Owning Our Past: Review of SITCO’s An Ordinary Person
Now playing with the Sydney Independent Theatre Company is Robert Allan’s new play, An Ordinary Person (2013). This is a refreshing piece of theatre: it tells a genuine and by turns touching story, with Allan taking the issue of victimhood as his springboard. Although such a topic could threaten to drag a story into unrelenting angst, to Allan and director Julie Baz’s credit An Ordinary Person never does. At the opening Aggie and Topher (short for Christopher) present an old married couple who are set in their ways and comfortable with each other. However, they aren’t without a veiled past. Aggie became pregnant at the age of 14 and was made to give up her daughter for adoption, the story being that Topher had forced himself upon her. Only now, at the age of 35 has their daughter, Louise, sought them out as part of her own healing process.
Meanwhile a young couple, Nathan and Fiona, are struggling to maintain their relationship. Nathan is a bit of a drop kick boyfriend, but to his credit he is trying to turn things around by setting up a small gardening business. Their paths are set collide with Topher’s. It’s when this happens that we come to see the consequences of trauma and repression when people are pushed to the edge. There are a couple of twists in this play so one wouldn’t want to give any of it away. Needless to say, there are some well-crafted and nuanced characters in this piece who have and continue to make difficult life decisions, though they genuinely attempt to be the best they can be, particularly Topher.
This play is making an important statement on what it is to be a victim. It explores how victimhood defines us and how we deal with it, for almost all of the characters have suffered in their past. We can ignore and repress these feelings, but this doesn’t lead to healing; we can make a fetish out of our suffering, but this only locks us into the past and prevents us from living. In the end, Aggie proves that the only way forward is to accept what has happened and recognize what that means for you, but ultimately to let the past be the past.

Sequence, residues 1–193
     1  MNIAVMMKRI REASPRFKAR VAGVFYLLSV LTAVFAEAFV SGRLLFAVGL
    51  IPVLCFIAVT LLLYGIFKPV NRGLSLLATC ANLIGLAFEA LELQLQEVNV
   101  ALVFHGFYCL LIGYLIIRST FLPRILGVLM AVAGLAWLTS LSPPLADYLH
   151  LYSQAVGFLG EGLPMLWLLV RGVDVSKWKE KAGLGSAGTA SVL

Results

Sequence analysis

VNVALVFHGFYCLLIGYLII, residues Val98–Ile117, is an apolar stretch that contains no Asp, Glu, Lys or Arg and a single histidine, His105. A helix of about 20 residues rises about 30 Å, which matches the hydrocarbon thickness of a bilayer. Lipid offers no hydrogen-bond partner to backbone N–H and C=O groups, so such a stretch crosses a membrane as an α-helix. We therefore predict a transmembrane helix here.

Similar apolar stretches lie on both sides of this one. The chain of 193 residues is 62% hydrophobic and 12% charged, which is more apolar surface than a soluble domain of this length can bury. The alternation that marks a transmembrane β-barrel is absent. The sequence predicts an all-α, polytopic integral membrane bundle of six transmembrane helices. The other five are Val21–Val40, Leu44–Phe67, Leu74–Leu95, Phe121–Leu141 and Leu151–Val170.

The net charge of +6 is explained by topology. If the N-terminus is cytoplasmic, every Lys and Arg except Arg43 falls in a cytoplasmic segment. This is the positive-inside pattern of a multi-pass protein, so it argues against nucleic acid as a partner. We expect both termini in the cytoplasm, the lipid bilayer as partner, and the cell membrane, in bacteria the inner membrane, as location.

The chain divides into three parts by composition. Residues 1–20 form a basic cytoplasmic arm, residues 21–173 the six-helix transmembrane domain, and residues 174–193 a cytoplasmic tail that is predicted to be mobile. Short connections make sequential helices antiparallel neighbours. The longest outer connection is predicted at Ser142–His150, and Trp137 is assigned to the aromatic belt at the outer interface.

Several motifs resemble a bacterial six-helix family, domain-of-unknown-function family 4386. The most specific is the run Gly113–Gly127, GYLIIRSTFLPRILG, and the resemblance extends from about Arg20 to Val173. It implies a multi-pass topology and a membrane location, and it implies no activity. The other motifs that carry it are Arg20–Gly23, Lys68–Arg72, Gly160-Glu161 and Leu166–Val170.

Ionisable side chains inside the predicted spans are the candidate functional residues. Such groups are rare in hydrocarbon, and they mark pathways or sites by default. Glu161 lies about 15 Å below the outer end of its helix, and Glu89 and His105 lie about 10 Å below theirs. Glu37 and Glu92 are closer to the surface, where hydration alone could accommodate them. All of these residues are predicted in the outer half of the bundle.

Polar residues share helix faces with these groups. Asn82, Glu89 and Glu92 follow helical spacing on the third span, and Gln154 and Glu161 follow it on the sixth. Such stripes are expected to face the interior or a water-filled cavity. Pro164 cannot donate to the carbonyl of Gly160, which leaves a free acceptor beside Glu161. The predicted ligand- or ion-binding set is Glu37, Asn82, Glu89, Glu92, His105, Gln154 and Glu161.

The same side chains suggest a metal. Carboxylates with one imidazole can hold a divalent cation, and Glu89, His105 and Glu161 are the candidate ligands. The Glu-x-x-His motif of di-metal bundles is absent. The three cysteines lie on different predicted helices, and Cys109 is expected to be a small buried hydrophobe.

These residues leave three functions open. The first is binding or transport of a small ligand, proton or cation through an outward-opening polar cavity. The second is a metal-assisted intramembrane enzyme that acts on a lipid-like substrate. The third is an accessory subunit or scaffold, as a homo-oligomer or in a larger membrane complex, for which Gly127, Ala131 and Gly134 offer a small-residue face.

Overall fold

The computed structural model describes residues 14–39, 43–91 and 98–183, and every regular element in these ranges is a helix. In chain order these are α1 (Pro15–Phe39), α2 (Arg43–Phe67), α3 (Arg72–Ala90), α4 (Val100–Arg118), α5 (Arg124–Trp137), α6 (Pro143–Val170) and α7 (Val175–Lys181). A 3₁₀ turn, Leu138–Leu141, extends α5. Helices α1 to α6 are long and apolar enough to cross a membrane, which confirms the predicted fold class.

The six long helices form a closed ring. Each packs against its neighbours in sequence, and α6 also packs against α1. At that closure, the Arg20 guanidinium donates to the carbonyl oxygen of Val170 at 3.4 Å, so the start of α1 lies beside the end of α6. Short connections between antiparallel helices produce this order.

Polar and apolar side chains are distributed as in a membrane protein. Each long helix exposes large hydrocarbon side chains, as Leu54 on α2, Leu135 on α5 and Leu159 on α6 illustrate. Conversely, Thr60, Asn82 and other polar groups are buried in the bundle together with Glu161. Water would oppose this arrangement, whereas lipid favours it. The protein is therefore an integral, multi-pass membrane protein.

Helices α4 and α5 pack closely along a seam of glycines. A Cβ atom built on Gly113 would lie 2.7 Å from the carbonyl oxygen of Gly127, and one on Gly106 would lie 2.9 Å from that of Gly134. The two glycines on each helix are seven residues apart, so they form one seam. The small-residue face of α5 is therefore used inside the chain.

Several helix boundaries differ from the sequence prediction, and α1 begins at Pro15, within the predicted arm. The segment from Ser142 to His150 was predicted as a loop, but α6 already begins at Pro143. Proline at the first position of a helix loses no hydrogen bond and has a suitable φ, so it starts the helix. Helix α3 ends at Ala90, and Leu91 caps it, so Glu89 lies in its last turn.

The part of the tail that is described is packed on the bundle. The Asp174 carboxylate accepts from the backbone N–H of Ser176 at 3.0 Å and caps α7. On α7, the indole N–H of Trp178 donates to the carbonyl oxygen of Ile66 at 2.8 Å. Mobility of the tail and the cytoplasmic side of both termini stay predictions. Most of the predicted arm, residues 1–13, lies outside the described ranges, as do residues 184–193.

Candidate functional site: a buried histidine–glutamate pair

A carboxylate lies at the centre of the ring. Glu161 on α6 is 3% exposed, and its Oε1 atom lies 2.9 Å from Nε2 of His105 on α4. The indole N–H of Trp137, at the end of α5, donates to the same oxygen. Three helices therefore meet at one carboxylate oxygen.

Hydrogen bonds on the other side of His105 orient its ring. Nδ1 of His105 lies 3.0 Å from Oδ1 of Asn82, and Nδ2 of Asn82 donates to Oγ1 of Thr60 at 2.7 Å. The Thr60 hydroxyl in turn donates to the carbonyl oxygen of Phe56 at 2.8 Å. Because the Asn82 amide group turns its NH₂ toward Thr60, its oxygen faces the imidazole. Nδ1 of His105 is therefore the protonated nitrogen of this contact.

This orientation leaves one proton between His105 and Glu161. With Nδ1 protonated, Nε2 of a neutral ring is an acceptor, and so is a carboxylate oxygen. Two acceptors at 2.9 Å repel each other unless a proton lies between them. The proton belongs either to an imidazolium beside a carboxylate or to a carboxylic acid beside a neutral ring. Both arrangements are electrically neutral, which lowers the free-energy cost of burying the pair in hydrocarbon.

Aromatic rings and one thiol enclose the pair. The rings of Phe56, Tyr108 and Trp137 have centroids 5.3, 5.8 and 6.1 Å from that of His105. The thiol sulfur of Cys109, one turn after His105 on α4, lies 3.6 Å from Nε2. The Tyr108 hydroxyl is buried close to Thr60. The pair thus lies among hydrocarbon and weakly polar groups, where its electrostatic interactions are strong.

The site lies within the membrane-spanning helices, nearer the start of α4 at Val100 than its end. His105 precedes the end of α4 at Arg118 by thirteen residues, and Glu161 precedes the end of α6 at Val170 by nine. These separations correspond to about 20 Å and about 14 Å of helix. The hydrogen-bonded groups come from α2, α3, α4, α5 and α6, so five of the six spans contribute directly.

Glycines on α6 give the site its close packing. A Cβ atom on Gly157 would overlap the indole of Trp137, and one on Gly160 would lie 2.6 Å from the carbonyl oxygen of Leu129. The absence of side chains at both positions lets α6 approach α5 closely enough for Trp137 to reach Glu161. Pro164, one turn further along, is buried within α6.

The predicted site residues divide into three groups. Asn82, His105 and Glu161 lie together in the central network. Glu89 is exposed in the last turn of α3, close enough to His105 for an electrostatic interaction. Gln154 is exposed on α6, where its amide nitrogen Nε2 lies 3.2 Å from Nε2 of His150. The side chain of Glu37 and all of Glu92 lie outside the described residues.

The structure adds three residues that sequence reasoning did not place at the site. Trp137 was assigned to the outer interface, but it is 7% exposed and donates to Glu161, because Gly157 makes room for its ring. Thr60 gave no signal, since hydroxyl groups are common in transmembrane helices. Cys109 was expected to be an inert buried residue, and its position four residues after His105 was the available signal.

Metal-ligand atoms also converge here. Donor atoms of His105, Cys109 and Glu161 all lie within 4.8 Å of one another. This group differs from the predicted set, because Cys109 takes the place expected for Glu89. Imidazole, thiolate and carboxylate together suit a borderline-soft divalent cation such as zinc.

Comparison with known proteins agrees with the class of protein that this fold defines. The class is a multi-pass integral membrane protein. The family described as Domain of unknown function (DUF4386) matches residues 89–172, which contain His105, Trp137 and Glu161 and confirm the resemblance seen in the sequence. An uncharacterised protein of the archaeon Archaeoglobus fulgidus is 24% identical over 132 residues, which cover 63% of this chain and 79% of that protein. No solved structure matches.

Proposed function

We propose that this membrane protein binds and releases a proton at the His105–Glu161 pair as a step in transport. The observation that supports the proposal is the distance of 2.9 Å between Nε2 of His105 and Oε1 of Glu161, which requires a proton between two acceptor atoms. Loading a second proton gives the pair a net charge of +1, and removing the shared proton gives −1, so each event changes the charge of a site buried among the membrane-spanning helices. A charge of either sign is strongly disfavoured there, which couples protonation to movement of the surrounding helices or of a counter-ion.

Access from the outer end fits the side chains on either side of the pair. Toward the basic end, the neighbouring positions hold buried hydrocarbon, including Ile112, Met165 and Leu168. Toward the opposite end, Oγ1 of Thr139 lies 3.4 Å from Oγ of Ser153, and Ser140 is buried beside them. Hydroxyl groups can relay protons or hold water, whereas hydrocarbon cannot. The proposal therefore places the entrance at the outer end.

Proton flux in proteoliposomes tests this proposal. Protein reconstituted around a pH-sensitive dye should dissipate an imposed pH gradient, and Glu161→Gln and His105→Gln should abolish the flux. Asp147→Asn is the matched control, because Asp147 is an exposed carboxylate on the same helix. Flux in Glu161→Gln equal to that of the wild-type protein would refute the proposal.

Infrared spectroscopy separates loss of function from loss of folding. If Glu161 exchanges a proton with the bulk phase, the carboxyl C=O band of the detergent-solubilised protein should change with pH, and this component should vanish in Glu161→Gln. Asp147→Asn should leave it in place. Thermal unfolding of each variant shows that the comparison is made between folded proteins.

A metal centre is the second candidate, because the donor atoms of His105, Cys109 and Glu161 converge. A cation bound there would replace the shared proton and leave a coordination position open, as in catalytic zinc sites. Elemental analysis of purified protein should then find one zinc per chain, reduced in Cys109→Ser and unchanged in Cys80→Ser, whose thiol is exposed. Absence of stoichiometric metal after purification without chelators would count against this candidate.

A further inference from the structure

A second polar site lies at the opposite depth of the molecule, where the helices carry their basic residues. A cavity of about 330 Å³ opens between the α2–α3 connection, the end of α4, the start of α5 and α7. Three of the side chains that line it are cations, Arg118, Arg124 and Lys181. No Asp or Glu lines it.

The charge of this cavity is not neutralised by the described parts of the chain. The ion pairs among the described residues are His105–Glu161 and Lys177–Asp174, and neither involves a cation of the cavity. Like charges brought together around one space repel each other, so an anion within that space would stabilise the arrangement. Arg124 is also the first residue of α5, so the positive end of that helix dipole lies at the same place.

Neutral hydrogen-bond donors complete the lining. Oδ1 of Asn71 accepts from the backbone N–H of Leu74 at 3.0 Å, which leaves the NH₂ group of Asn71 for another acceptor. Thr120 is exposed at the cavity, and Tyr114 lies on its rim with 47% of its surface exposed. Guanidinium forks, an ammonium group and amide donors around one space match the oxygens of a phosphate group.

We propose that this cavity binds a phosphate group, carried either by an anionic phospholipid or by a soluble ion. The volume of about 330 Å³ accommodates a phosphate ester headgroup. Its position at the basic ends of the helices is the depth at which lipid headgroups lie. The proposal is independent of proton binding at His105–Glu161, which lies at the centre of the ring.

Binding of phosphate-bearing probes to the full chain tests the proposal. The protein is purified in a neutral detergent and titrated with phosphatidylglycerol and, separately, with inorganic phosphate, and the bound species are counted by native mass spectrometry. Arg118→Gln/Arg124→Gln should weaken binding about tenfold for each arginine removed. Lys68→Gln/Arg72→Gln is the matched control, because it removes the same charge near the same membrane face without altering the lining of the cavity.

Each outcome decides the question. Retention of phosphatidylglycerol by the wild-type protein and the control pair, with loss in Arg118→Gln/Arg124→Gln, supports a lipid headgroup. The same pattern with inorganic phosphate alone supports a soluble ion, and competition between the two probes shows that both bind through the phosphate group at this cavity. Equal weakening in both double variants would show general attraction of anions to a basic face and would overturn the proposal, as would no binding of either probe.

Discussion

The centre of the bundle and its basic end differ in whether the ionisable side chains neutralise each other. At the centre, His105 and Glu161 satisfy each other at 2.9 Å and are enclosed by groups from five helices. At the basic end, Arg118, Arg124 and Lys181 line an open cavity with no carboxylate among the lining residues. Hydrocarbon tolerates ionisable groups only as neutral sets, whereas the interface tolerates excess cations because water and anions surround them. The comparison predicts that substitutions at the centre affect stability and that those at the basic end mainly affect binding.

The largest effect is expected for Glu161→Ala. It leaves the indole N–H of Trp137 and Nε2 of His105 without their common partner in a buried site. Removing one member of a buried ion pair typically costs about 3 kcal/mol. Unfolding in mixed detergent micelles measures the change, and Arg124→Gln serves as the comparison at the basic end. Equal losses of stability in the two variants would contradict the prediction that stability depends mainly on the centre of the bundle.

Cherilyn Price plays Aggie Reynolds, the mother that would never be. Aggie barely copes with loss and it affects her courage in life. In performance Price gives us Aggie’s struggle and is clearly a strong presence on stage. Her daughter Louise (played by Mel Dodge) similarly struggles with a traumatic past. In fact, she defines herself by it. Louise attends everything from support groups and healing centres, to meditation and stone sculpting, all in an effort to finally ‘deal’ with her past. Dodge gives us this ‘love-to-hate’ character, and is a wonderfully tight screw in every scene. Unfortunately both Dodge and Price deliver at times contrived emotional heights instead of finding them through an organic reveal. This could just be an issue of opening night jitters, and they’ll hopefully settle throughout the run.
The couple across town is played by Carla Nirella and Jai Higgs. They become intricately connected in Aggie’s story. Higgs plays Nathan, a troubled drop kick attempting to kick the habit and start anew. Higgs plays a relatively simple character but proves to be a hulking physical presence. He gives us some good moments where we see a man slipping back to his dark past. Nirella as Fiona was impressive for producing a nicely measured performance. She showed us the complexities of a long term but tumultuous relationship, where leaving threatens to abandon. Nirella continued to show us how hard this woman struggles to breathe in a partnership that has come to surround her life.
The stand outs for the evening were David Jeffery and Alexander Butt playing Topher, and his younger incarnation respectively. Jeffery arguably produced the most complex character, harmonizing the multiple layers within the man. He presented that instantly recognizable Australian bloke, whilst at the same time negotiating the deep set repression that haunted his character. It was a difficult task which he more than pulled off, producing supple performance. Butt had an equally demanding role, and matched old Topher in mannerisms and energy.
This is a nicely crafted story, and Allan has a knack for the nuts and bolts scene work, whilst maintaining his broader theme. The first act of the play could have been worked a touch so that some of the revelations of the second act didn’t quite come out of left field, but this is a minor point in an otherwise well-constructed play. This is one of the best productions at SITCO this year and well worth the trip in.
An Ordinary Person is playing with the Sydney Independent Theatre Company until the 16th of November. For more details see their website: http://www.sitco.net.au/